B-17 Flying Fortress logo

Ben Styles gets all tearful over the changes in flight sims and the state of things to come. Somewhere in there he mentions B17...

It's been strange to watch the changes in certain types of gmes over the last year. Flight sims especially have undergone a drastic shift in the way that the programmers construct the games.

In the middle of last year I made several jokes about the laborious process of getting into a flight sim. It was hopeless if you just wanted to have a quick fly about and shoot down a couple of planes.
That aspect or facility no longer exists in this genre. They have become progressively more strategic as the months have gone on. It is not uncommon for you to be able to contorl ground troops or artillery, and the attributes of the staff with whom you fly the craft have become more and more complex as time has gone on. After a hard day of work you don't want to listen to your co-pilot's life story!

There are also different ways of getting around the problems encountered when playing such games. Instead of there being a training mode for inexperienced pilots, it is not uncommon for the game to include a simulator - a simulator within a simulator, as it were.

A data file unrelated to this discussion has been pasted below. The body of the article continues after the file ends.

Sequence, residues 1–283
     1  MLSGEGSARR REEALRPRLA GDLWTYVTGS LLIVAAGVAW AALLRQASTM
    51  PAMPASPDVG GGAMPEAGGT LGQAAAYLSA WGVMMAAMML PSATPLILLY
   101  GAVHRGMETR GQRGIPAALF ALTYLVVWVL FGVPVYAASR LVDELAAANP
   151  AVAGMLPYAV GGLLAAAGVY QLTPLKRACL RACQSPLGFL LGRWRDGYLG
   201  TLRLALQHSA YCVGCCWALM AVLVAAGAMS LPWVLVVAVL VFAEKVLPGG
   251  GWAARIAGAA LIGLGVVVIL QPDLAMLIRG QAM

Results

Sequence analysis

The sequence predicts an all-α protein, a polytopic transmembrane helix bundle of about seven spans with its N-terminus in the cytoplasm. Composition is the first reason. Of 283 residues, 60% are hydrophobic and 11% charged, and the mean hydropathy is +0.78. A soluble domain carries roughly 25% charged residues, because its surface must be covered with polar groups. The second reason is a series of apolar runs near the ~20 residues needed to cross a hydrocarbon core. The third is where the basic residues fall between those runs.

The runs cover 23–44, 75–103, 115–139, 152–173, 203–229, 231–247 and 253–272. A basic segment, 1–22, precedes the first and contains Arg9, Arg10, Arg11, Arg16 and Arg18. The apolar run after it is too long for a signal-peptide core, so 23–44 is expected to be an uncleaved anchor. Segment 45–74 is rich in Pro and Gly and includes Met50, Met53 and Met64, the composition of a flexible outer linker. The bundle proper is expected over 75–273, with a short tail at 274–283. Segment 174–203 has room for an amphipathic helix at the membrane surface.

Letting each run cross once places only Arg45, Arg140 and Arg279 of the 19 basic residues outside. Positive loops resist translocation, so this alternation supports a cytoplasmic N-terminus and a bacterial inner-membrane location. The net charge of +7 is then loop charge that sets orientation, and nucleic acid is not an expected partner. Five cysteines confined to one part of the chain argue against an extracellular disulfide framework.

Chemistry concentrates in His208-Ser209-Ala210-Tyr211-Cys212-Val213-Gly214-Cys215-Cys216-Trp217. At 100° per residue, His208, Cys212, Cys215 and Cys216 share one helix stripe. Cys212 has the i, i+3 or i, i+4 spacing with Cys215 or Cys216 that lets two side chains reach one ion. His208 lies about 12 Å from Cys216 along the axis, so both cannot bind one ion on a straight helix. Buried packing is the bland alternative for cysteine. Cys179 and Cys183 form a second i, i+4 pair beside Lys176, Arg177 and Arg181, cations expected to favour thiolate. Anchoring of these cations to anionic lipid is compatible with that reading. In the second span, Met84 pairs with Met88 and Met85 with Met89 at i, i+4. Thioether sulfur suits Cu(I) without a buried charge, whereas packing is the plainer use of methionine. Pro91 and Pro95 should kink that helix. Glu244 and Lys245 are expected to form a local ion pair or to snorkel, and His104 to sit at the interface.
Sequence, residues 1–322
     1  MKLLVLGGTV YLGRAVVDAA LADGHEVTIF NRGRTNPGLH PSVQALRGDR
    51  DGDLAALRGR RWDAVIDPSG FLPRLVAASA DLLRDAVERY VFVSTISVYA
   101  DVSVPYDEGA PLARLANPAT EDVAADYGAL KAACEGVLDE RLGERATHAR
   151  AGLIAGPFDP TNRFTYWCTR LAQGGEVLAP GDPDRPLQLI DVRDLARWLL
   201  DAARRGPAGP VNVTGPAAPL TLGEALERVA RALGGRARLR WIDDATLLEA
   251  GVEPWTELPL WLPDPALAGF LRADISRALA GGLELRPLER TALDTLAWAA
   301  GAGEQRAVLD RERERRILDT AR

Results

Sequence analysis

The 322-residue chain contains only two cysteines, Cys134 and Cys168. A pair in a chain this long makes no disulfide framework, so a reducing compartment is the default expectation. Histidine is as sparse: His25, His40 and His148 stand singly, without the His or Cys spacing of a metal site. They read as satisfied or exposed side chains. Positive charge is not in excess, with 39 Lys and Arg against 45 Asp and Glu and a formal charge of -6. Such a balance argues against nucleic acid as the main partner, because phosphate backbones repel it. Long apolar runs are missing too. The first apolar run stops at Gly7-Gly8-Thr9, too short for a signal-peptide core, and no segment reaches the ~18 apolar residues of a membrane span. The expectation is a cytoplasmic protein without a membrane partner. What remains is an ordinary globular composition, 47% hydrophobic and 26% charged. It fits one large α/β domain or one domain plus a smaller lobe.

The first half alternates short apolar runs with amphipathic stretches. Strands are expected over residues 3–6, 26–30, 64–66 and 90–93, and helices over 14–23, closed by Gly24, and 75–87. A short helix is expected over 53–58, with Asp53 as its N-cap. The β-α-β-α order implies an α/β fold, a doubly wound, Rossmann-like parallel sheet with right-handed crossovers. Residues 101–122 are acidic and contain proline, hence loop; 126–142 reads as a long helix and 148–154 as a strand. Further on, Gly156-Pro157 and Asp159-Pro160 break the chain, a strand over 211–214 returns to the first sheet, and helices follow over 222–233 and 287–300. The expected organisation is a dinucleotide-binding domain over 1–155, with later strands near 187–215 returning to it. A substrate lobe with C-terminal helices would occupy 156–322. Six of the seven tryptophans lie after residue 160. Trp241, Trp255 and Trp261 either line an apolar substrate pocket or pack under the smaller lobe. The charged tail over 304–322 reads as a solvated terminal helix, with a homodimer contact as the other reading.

But the evolution of the flight simulation isn't necessarily a bad thing. It's just the fact that we have lost the old style - the flying has become almost peripheral to the game. But enough of my moaning, I shall tell you about B17.

To start with I was most disappointed with the compatibility level. I much prefer to play flight sims on a fast, accelerated machine so I installed it on an A4000 - the software did not like at all. So I installed it on an A1500 with an 030 accelerator and it flipped out again.

Next I tried an A3000 with an 030 accelerator and once again I had no joy. I finally gave up and ran the game off disks on an A1200, encountering no trouble at all. Still, it was quite slow even on the A1200 which does not bode well for A500/600 users.

You have control of an eight man team who fly the aircraft. Each different man has a particular job whether it be radio man or bomber. You don't have to control them all at any one time - you just have to assume different roles as and when needs dictate. They will quite happily get on with their jobs at other times.

You can shoot down enemy planes from any of the gun turrets move - obviously planes built in the 40s weren't going to have state-of-the-art motorised equipment. It's a very personal game. Not only do you have to choose your bomber, you have to choose the artwork which goes on the nose and you have to name it.

After you have the plane sorted you can have a photo taken with you and your crew. Graphically it's very effective but it's not much use!

As with most flight sims, you have to choose the mission you wish to fly. One very clever extra feature is a reconnaissance film. It even has the crackly black and white opening sequence I was most impressed with.